gossip - Smart Gossip: An Adaptive Gossip-based...

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Smart Gossip: An Adaptive Gossip-based Broadcasting Service for Sensor Networks Pradeep Kyasanur Romit Roy Choudhury Indranil Gupta Department of Computer Science, University of Illinois at Urbana-Champaign Email: { kyasanur,croy } @uiuc.edu, indy@cs.uiuc.edu Abstract — A network-wide broadcast service is often used for information dissemination in sensor networks. Sensor networks are typically energy-constrained and prone to failures. In view of these constraints, the broadcast service should minimize energy consumption by reducing redundant transmissions, and be tolerant to frequent node and link failures. We propose “Smart Gossip”, a probabilistic protocol that offers a broadcast service with low overheads. Smart gossip automatically and dynamically adapts transmission probabilities based on the underlying network topology. The protocol is capable of coping with wireless losses and unpredictable node failures that affect network connectivity over time. The resulting protocol is completely decentralized. We present thorough experimental results to evaluate our “Smart Gossip” proposal, and demonstrate its benefits over existing protocols. I. INTRODUCTION Several sensor network applications rely heavily on a network-wide broadcast service for disseminating in- formation. For example, sink nodes may often need to broadcast code-updates, TAG-type queries, alarms, etc., to sensor nodes. Flooding, considered as the simplest means of broadcasting, does not prove to be applicable in the context of sensor networks. This is because flooding leads to collisions and redundant packet receptions [1] that together deplete sensors of valuable battery power. An ideal solution for sensor networks needs to be one that delivers a single copy of the broadcast packet to each sensor, using minimum number of transmissions. There have been several approaches that aspire toward this goal, broadly classified into deterministic and prob- abilistic approaches. Several deterministic approaches have aimed to mini- mize redundant communications by identifying a suitable subset of nodes, and assigning them the responsibility This research was supported in part by Vodafone and Motorola graduate fellowships, and by NSF grants ITR CMS-0427089 and CAREER CNS-04448246. of forwarding messages. The deterministic subset of nodes may either be cluster-heads in the network graph [2], multi-point relays [3], or members of a backbone tree [4] – whatever the name, they essentially build a connected dominating set of the graph, D G , and use it to disseminate information. However, this class of solutions suffer from two main problems. First, if a member of D G fails, sensors that depend on the failed member may not receive the broadcast message. This affects the reliability of the network, and requires expensive mechanisms to maintain D G over time. Second, using only members of D G to disseminate information affects the load-balancing properties of the network, and drains the battery at some sensors much earlier than others. Sensor network appli-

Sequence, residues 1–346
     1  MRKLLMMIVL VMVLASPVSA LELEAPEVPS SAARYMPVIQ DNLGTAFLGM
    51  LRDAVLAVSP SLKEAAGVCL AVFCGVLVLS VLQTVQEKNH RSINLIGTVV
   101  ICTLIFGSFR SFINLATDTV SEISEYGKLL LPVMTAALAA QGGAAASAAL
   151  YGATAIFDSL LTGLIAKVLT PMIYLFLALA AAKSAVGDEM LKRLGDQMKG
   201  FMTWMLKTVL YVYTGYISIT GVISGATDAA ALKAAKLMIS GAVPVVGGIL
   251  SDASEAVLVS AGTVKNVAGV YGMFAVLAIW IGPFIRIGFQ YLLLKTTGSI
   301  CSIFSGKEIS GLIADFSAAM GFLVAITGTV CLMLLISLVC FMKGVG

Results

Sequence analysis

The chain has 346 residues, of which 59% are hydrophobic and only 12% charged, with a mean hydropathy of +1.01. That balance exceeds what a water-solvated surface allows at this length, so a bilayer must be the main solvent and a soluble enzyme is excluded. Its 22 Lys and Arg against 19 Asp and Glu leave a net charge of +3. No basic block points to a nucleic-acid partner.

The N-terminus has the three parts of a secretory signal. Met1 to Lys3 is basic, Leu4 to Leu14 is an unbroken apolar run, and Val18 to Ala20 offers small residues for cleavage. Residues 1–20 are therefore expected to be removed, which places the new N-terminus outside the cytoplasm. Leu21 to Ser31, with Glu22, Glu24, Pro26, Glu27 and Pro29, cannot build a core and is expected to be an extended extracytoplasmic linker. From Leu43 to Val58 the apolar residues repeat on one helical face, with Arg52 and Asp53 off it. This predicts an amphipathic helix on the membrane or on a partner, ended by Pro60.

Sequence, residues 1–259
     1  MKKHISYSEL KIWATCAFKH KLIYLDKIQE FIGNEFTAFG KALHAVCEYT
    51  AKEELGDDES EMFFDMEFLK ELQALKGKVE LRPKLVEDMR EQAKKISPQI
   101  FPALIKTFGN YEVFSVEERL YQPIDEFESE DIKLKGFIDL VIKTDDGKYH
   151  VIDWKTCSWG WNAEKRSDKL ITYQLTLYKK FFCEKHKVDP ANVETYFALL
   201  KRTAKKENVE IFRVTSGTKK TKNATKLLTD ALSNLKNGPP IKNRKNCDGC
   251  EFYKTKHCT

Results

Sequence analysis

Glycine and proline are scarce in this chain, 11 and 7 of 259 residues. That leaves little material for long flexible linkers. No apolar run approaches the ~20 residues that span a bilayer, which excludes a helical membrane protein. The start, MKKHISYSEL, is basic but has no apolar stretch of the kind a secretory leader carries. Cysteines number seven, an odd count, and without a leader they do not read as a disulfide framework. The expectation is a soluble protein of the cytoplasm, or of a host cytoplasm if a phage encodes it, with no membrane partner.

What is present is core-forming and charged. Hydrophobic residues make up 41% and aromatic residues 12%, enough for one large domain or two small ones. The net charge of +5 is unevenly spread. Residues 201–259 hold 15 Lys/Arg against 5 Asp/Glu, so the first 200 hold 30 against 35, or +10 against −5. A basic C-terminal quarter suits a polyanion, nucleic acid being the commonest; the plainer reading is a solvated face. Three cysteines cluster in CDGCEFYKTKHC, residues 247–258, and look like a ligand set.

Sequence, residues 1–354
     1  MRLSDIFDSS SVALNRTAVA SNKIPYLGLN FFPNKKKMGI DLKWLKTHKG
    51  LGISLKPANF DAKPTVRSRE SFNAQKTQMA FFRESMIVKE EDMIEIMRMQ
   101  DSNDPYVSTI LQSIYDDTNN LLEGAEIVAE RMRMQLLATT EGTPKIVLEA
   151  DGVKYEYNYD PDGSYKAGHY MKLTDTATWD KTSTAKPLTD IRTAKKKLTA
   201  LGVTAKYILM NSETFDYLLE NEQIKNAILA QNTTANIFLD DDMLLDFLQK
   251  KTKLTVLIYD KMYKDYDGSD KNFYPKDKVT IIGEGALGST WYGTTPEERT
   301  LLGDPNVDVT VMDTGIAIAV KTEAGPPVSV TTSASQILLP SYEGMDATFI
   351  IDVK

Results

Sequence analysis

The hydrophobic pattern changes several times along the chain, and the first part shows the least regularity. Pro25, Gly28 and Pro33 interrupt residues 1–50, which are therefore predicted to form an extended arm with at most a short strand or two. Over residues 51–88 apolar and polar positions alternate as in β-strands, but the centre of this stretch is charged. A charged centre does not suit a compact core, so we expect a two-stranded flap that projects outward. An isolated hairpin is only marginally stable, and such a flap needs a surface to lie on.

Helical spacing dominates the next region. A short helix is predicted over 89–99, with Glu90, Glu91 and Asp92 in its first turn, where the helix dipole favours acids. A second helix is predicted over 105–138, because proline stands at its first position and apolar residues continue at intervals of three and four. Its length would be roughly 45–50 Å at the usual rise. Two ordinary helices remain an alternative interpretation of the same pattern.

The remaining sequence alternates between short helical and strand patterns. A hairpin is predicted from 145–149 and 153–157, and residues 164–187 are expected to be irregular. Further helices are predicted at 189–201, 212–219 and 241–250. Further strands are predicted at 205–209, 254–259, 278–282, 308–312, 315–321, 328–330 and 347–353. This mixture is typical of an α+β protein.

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gossip - Smart Gossip: An Adaptive Gossip-based...

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